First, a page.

Yesterday afternoon I felt like I had victory (and a ticket) in sight. I had managed to get through to the CTS office in Yichang and was talking to a nice young agent about my situation. Except for the fact that he was a pleasant chap and had impeccable English, I felt like I had been transported back to 1985. Our conversation went something like this:
Me: I am trying to buy a ticket on the ferry from Yichang to Chongqing. Can you help me?
He: Yes, we can help you buy a ticket for a cruise.
Me: I don’t want to buy a cruise ticket. I just need a ticket to ride a boat to Chongqing. Here is a website. Please open it. Do you see the schedule for the ferry? I want a ticket on that boat. See, it has the schedule and even the fare. I need 2 first class tickets.
He: But there will be Chinese people on the ferry.
Me: I know. I am not afraid of Chinese people. I like Chinese people. Some of my best friends are Chinese people.
He: I will check.
Me: Thank you.
He. I’m sorry, we do not have 2 day cruises. We only have 3 day cruises.
Me: Did you say cruise? I don’t want a cruise. I just want a ticket on a boat.
He: Oh. Well, there is an ordinary boat used by locals, but there will be Chinese people on the boat.
Me: I know. As I told you before, I am not afraid of Chinese people. I like them. What time does it leave Yichang on Monday, March 5?
Me: What time does it arrive into Chongqing on Wednesday, March 7?
Me: How much is the ticket?
He: 850 yuan. But that is only the bed. No food. No sightseeing.
Me: Is that first class, in a room with 2 beds?
He: Yes, but you will have to share a room with a Chinese person.
Me: No, I need to buy two tickets. I am travelling with another friend. We want to buy two beds in one room. Can you help me buy the tickets?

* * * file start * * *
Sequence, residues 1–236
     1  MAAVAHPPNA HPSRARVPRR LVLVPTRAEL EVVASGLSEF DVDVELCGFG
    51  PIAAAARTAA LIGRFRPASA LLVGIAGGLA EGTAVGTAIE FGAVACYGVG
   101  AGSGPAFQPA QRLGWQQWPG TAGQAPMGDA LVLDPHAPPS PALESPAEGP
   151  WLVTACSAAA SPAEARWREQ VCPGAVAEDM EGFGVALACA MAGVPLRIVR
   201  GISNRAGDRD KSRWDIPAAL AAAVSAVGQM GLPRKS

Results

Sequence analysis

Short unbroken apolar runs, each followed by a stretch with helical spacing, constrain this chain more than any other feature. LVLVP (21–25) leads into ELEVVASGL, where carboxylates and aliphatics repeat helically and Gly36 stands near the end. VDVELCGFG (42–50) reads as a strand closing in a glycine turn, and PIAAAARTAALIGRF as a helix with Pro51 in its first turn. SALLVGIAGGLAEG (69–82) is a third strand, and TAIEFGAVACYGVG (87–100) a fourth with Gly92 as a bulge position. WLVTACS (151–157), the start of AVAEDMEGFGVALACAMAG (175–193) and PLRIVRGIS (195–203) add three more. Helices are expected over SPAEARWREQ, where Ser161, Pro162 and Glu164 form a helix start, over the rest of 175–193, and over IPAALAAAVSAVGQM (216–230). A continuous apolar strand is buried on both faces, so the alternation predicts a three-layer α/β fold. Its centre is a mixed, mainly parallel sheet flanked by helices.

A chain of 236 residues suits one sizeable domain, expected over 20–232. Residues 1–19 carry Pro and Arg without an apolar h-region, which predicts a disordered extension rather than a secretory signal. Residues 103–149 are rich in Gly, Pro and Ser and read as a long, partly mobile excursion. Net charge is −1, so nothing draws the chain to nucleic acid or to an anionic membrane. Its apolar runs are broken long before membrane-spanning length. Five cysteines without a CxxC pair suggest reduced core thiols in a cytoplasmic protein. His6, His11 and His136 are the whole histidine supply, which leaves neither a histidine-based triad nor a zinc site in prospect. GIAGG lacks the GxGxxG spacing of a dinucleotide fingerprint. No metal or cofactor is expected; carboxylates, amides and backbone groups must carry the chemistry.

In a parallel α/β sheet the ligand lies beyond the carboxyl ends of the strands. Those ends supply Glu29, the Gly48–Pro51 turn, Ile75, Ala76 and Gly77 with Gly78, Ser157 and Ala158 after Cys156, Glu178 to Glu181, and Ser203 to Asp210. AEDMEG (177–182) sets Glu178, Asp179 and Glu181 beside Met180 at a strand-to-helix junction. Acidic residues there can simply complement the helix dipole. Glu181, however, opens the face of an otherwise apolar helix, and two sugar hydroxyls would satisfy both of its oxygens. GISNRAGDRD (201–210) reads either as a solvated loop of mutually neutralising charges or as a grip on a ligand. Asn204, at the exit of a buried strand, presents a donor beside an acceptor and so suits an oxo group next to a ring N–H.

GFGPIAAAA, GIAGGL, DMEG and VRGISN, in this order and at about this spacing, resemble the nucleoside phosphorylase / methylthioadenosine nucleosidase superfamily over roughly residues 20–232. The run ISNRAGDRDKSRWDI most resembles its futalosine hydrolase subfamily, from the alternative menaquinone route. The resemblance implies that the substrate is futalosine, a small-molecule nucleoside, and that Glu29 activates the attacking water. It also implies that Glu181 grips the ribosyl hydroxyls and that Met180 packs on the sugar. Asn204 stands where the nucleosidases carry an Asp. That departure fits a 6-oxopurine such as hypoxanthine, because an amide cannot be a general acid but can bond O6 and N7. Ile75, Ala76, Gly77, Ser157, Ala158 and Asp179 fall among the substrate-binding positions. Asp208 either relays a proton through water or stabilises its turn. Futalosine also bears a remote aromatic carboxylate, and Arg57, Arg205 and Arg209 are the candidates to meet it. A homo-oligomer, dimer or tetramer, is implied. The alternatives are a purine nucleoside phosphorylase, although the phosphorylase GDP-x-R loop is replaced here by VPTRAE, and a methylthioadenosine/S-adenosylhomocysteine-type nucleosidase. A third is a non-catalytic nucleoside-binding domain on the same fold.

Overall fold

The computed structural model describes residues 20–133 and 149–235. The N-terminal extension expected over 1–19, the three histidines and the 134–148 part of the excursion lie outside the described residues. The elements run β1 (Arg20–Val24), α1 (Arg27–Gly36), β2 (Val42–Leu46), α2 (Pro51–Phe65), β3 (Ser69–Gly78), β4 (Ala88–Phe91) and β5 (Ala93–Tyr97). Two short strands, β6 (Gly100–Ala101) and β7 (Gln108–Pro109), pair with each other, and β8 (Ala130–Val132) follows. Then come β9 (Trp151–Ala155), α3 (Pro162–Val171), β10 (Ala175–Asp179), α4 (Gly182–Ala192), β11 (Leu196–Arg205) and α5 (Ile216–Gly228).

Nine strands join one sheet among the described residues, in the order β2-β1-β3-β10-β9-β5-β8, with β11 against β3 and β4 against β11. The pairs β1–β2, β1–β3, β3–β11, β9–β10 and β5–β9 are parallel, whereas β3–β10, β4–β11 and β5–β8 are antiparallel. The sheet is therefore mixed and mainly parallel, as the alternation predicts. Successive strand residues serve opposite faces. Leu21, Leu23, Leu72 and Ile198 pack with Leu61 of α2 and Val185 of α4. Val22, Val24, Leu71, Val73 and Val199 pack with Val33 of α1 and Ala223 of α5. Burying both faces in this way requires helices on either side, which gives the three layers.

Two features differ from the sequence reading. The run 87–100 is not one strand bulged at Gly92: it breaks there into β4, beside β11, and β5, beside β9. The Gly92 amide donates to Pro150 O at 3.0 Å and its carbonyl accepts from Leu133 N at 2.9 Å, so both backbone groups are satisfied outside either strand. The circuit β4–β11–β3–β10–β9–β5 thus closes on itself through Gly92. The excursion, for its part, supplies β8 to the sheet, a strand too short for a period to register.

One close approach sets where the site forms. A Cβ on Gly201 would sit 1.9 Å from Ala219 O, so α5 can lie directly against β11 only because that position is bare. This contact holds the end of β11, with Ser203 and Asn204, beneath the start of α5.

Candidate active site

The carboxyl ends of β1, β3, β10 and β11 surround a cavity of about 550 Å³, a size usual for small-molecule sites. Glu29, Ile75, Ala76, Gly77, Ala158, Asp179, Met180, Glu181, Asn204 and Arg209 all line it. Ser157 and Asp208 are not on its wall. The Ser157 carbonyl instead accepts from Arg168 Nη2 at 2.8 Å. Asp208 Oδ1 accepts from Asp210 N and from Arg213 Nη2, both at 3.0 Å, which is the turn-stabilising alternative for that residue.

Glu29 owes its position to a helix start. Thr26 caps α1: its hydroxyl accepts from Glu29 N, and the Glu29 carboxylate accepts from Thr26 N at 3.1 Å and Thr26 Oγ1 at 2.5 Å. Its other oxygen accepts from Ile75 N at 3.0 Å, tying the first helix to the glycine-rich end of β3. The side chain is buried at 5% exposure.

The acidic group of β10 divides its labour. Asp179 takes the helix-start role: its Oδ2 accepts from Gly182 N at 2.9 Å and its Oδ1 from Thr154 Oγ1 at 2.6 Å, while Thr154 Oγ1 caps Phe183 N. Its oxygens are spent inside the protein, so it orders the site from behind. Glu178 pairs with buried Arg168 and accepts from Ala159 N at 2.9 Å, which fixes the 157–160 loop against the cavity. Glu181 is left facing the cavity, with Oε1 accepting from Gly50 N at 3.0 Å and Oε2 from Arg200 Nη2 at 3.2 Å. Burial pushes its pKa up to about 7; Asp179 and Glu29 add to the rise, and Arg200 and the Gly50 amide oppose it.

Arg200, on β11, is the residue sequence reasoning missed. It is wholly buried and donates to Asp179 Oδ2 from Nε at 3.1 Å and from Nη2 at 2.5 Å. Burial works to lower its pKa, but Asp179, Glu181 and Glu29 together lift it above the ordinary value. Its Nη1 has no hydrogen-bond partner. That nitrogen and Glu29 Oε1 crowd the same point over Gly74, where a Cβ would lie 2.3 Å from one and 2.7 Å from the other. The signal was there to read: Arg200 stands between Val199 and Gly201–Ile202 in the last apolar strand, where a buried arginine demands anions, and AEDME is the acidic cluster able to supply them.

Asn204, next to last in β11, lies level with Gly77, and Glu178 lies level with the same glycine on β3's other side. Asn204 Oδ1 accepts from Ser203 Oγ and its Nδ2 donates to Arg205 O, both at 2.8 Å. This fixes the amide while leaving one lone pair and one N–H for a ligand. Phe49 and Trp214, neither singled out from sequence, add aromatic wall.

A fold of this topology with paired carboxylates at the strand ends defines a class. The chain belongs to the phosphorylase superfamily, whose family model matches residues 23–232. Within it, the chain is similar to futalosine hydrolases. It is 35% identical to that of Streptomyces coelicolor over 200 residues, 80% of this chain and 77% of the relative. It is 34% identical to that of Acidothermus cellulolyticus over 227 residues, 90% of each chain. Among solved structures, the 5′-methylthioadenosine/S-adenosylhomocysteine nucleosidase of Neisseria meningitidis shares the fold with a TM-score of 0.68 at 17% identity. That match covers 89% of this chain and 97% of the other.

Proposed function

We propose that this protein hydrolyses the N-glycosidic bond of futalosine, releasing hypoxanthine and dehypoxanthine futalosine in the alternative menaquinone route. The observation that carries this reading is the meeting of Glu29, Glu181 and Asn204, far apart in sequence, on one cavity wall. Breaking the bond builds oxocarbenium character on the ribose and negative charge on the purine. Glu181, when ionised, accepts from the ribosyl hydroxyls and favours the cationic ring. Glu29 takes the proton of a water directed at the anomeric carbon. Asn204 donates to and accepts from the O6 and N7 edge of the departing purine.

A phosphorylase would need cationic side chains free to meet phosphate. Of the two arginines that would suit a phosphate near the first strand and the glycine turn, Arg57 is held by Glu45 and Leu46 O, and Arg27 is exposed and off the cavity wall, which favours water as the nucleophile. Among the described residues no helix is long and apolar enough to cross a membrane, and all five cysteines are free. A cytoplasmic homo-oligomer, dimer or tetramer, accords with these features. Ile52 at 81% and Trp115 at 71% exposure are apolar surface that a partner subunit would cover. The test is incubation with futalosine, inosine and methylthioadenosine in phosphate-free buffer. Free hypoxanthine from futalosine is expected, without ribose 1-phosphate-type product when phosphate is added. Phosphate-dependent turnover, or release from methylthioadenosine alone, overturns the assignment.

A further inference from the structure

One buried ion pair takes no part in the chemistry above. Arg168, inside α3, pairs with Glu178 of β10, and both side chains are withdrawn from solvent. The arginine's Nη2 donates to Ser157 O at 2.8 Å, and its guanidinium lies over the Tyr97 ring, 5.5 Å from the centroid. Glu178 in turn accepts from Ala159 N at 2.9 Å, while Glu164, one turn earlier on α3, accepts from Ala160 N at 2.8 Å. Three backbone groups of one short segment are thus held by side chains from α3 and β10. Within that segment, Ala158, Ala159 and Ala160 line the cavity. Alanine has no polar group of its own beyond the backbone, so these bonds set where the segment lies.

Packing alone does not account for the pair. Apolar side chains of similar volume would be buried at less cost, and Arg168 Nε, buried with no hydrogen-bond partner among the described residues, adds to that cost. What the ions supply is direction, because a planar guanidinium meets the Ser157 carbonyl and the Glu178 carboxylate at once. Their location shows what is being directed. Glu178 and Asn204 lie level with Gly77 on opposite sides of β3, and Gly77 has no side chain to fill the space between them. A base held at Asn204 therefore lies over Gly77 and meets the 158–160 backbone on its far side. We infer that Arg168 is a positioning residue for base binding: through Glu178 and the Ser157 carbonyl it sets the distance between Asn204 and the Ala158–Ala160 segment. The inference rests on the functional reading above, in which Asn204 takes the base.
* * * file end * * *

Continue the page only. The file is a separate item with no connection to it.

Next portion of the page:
He: (sucking teeth). I think it will be better for you to come to Yichang and go to the ferry terminal and purchase the ticket yourself. It will be cheaper.
Me: But I am in Beijing, and will not arrive in Yichang until Sunday the 4th. I am afraid that I will go to the terminal and they will tell me there are no tickets. Then I will have a big problem.
Me: If I pay you a service charge, will you buy the tickets for me? What is your service charge? (at this point I was willing to pay anything, even if it meant paying more than a cruise ticket – as a matter of principle)
He: 50 yuan.
Me: Great. How can I send you the money?
He: (sucking teeth) I must first make sure that foreigners are allowed to buy tickets on this boat. Normally only Chinese people ride this boat.
It was at this point that I switched into Chinese and, mustering all of the political jargon I have absorbed in my 25+ years here, gave the poor fellow a fine lecture:
“KEEPING FOREIGNERS AND CHINESE PEOPLE SEPARATED IS AN EXAMPLE OF OUT-DATED THINKING. NOW IT IS THE 21ST CENTURY. CHINA HAS HAD MORE THAN 30 YEARS OF THE OPENING AND REFORM POLICY. IN 1985 I WAS ABLE TO RIDE THIS BOAT WITH CHINESE PEOPLE. NOW PEOPLE’S MINDS AND HEARTS HAVE BEEN LIBERATED AND CHINESE PEOPLE AND FOREIGNERS ARE FRIENDS. SO IT IS NOT POSSIBLE THAT IN 2012 FOREIGNERS ARE NOT PERMITTED TO BUY A TICKET ON A LOCAL BOAT.”
Not only had the foreigner refused to return to her box, she had now firmly planted her flag by revealing her ability to speak Chinese. He chuckled (a good sign) and sucked his teeth (a bad sign) and told me he would check and call me back tomorrow.
Those were hard words to hear. I felt I had come so very close to achieving my goal, only to have it (possibly) slip through my fingers again.
What will this day bring? Will it be the thrill of victory or the agony of defeat?
If this doesn’t work, I call a friend who has a student who has a brother in Yichang.
….and if anyone out there knows someone in Yichang who can help, please let me know!